Protecting your child from online predators

Protecting your child from online predators

The dangers of the internet: right now, someone is hiding behind a computer - waiting to strike.
"Kacie was a very loving child. She was just full of love and full of hugs."

For Greenbrier Iinvestigator Rick Woody, the pain is still fresh.

So is the night of December 3, 2002.

"I called Kacie on the phone and everything was normal for the school day, everything was fine and going great."

But at around 9:45 that evening, everything changed.

It started in, of all places, an online christian chat room. It was a familiar place where 13-year-old Kacie and her friends would often talk for hours.

It's also where she met a 17-year old boy from California, named David.

But David was no teenager. In fact, he was 47-year-old cyber predator David Fuller, who patiently lured Kacie into his lethal web. After a year of chatting with Kacie online, Fuller flew to Arkansas, and executed his plan of attack.

"When my son got home from the library, he called and asked me where Kacie was and I said, well, she should be home,” Woody said. “He said, ‘She's not here.’"

"I knew immediately something was wrong."

As her dad worked the night shift, Fuller entered Kacie's house and covered her face with a rag soaked in chloroform. He then dragged her into a rented a van, and drove to a nearby storage unit where he raped her and shot her in the head. As the swat team closed in, Fuller shot and killed himself.

"No warning signs?”

“No warning signs at all."

The murder of his only daughter changed his life forever.

"It's amazing that something like that can happen to her, but it can happen to anybody," Woody said.

So now Woody, along with some of Kacie's friends, travel the country teaching others about the dangers of internet predators.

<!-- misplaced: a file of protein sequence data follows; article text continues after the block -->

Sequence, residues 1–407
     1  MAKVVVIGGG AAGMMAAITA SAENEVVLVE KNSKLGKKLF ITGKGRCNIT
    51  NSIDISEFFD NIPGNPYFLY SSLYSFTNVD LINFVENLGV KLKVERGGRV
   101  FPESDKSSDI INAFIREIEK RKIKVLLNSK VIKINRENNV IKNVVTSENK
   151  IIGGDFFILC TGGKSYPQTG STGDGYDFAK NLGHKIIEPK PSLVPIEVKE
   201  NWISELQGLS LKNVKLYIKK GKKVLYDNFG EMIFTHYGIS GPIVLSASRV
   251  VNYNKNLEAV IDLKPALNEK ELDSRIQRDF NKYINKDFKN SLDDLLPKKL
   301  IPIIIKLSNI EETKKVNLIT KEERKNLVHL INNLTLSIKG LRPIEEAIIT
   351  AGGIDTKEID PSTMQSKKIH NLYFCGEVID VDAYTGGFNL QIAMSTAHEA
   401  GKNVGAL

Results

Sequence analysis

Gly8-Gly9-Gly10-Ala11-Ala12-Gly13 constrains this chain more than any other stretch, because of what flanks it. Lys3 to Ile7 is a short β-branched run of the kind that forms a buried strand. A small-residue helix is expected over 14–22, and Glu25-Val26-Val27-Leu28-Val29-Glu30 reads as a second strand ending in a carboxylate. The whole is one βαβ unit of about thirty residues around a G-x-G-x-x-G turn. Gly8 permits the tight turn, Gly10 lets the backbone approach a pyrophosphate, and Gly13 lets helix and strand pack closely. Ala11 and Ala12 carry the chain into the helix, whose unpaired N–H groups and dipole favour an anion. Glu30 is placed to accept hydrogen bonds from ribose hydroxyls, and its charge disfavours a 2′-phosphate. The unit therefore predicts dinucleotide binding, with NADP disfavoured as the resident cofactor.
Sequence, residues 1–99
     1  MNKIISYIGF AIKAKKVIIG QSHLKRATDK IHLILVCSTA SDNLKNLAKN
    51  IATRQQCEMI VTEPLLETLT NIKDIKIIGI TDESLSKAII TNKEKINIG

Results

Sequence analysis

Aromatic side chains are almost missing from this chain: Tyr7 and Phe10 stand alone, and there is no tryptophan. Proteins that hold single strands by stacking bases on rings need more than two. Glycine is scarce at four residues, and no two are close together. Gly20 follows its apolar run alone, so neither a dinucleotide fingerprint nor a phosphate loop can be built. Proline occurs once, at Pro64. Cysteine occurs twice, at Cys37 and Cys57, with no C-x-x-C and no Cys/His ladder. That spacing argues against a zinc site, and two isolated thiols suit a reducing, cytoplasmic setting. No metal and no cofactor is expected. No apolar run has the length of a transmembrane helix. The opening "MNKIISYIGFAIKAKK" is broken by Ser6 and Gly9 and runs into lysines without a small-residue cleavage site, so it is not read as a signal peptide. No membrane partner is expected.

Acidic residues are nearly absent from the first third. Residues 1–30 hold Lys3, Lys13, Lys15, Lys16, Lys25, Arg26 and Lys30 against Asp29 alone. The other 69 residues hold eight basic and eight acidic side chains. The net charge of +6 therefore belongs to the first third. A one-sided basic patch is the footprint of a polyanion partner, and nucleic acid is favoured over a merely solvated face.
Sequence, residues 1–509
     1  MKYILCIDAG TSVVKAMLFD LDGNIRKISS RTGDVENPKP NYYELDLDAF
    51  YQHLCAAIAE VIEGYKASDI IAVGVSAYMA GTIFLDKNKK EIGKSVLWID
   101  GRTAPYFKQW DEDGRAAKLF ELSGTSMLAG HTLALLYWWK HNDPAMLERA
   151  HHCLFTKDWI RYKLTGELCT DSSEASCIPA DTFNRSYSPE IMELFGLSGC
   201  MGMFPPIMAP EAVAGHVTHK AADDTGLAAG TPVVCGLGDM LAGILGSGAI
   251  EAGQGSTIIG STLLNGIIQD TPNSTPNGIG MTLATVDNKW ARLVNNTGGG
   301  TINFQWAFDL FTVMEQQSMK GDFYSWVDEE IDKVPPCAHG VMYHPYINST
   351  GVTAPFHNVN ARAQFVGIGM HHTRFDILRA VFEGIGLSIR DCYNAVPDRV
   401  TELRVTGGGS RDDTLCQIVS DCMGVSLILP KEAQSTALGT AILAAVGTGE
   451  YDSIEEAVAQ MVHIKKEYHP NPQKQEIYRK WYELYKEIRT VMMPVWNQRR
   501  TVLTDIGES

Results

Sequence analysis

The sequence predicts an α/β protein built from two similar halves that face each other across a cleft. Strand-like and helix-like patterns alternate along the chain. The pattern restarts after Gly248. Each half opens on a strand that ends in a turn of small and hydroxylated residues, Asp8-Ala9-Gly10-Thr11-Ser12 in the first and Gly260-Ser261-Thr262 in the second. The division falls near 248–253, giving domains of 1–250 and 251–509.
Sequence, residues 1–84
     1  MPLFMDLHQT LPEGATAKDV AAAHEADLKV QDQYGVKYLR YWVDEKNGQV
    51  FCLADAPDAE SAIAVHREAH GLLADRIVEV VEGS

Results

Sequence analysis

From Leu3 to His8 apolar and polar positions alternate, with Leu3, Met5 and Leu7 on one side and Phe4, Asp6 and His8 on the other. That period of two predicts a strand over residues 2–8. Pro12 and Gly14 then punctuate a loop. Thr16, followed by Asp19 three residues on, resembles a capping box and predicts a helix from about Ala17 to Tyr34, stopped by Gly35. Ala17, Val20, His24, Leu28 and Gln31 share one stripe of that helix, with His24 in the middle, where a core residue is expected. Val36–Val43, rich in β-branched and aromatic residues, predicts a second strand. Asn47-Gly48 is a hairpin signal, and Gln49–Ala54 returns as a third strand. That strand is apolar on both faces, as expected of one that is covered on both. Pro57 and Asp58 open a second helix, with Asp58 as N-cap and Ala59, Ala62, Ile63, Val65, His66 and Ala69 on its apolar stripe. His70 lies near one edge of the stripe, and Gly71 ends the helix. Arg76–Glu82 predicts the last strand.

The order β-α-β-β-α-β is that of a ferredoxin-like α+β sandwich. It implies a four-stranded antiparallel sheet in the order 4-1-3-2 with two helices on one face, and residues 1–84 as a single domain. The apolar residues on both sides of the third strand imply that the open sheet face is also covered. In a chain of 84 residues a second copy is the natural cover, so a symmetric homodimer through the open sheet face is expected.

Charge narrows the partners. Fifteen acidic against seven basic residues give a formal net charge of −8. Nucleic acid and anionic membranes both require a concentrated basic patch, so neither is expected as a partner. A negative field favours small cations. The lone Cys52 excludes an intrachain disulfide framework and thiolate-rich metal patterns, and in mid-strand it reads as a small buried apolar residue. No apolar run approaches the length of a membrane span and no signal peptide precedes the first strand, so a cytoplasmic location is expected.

"I had to do what I could to try to save every child that I could."

For starters, Woody says, too much personal information is being posted online.

"Predators will take these pictures and they'll find someone that they like the way they look and then they'll start preying on these children and locate them," Woody said.

And if a dialogue is started, Woody says predators will then begin a grooming process.

"First of all they use similar interests. They will always seem to have whatever interests the child has,” Woody said. “They'll use secrecy. They will tell they child that they've got to keep this relationship a secret. They can't tell anybody else about it cause no one else will understand."

The predator’s ultimate goal is to build trust and a relationship, and once its established, the next move is to arrange a meeting.

"Parents have to be involved, heavily involved in their child's internet experience. They got to be nosy. They've got to get in the middle of the child's business and they child is not going to like it but that's what a parent has to do."

Especially considering that what happened to Kacie could happen to your child.

"Don't fall into the trap of thinking that bad things can only happen to someone else,” Woody said. “Bad things can happen to anybody."
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